The easy names to remember in jazz are the improvisers and the melody makers — Miles Davis, John Coltrane, Thelonious Monk. Lesser known (to the general public, at least) and equally — if not more — important, are the keepers of the rhythm, the backbones of the form. Guys like Art Blakey, Elvin Jones, and Max Roach. During his 50-year recording career, Roach played with virtually every significant jazz musician, and also co-founded Debut Records with Charles Mingus and fought as hard as any man in jazz for equal rights, which led to his being blacklisted by the recording industry in the ’60s. Today would have been his 88th birthday.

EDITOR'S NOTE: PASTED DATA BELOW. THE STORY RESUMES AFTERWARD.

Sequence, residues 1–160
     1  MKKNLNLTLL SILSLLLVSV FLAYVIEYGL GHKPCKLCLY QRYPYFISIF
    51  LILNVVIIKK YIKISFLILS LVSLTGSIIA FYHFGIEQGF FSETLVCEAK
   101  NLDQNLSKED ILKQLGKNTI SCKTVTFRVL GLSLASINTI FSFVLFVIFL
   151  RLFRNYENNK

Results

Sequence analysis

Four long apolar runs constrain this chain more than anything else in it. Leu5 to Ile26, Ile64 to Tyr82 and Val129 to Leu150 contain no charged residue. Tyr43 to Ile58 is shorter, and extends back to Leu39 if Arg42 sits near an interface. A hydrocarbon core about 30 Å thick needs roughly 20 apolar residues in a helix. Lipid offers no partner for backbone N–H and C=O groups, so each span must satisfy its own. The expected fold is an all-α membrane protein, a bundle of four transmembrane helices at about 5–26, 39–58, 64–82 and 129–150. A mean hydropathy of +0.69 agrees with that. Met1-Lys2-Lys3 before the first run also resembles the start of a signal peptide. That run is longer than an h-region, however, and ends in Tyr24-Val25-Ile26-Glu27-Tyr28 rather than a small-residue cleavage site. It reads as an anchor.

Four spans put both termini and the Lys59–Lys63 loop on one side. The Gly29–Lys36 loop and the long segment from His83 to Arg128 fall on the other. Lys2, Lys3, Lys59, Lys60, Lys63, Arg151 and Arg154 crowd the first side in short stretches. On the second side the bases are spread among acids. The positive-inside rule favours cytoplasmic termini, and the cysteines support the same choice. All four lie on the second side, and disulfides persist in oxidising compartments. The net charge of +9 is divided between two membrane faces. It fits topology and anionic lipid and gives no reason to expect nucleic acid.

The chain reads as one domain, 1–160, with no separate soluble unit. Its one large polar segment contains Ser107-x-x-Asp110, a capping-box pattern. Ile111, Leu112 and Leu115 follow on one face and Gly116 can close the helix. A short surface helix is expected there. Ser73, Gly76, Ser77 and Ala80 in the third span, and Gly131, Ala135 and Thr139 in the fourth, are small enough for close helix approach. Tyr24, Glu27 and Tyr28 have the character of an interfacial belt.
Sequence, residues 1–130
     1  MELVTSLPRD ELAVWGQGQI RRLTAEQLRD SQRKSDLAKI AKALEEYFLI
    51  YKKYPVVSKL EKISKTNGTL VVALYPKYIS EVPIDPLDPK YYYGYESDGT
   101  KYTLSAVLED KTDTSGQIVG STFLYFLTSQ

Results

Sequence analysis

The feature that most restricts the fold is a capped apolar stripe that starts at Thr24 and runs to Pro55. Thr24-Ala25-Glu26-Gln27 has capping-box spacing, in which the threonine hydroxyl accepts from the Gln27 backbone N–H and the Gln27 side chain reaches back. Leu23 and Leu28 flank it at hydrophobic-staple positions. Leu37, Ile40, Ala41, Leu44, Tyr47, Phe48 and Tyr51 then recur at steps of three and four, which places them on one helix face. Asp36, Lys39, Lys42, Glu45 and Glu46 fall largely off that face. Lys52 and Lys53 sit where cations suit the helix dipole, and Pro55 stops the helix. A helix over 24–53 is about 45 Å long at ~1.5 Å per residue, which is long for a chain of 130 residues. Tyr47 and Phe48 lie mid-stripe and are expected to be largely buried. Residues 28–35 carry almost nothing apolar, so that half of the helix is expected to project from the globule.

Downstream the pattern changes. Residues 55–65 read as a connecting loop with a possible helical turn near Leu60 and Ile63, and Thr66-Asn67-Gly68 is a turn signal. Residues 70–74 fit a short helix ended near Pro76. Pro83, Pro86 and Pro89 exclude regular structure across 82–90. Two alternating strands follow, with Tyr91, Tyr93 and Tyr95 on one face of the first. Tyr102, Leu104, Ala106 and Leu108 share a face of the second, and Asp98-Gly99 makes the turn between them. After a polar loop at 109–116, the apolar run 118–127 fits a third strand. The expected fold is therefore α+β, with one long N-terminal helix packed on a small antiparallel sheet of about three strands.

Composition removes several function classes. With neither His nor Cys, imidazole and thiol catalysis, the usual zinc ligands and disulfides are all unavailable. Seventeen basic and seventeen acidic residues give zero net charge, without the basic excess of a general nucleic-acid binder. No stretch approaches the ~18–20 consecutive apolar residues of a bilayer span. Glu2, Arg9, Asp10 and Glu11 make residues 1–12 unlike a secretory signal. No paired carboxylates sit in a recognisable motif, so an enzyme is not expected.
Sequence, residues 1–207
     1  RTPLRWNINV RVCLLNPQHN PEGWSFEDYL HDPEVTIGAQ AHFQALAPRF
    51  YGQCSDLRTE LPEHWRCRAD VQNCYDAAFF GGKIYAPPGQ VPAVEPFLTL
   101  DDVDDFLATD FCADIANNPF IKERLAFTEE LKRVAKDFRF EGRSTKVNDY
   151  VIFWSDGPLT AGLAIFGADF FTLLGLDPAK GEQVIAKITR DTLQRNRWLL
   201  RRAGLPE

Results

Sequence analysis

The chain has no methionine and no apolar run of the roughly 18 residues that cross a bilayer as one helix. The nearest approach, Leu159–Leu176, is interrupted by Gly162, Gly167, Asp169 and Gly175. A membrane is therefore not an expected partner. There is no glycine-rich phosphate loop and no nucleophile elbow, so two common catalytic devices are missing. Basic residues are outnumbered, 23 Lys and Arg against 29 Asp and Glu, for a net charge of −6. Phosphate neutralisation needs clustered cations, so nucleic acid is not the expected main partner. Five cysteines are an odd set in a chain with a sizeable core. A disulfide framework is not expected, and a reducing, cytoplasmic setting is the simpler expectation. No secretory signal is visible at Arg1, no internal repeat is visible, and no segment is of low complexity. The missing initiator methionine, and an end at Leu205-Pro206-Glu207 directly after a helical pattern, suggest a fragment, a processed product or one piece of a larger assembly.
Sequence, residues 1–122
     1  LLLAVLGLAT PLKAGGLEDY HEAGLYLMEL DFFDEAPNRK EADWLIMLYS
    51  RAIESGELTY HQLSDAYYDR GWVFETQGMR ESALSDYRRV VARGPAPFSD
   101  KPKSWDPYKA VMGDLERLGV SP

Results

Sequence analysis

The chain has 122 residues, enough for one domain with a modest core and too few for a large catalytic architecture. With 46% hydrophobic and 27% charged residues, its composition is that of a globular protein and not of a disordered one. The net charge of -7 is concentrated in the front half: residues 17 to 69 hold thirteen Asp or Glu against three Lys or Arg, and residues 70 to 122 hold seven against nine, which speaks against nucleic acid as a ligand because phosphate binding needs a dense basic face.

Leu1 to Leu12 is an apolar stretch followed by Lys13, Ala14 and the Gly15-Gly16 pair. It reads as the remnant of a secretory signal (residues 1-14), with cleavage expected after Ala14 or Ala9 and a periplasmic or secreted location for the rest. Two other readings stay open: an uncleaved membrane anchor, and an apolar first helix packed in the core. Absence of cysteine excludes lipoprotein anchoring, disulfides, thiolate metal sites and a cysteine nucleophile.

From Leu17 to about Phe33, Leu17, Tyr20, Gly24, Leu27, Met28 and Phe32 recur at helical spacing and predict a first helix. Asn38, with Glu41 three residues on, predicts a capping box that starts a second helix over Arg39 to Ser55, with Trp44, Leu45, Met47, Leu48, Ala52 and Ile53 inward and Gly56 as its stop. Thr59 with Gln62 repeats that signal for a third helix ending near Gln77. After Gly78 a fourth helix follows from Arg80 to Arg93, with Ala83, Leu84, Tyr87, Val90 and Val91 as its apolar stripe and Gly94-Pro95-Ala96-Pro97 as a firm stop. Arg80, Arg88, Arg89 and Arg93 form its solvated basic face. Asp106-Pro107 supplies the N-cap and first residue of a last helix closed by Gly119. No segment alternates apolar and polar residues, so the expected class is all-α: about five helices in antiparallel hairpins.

Today would have been Art Blakey’s 92nd birthday. He passed away in 1990 at the age of 71 after producing an enormous body of work with his Jazz Messengers — and educating countless sidemen in the ways of bebop and hard bop. He played with everyone from Charlie Parker to Wynton Marsalis and most in between. Give the drummer some.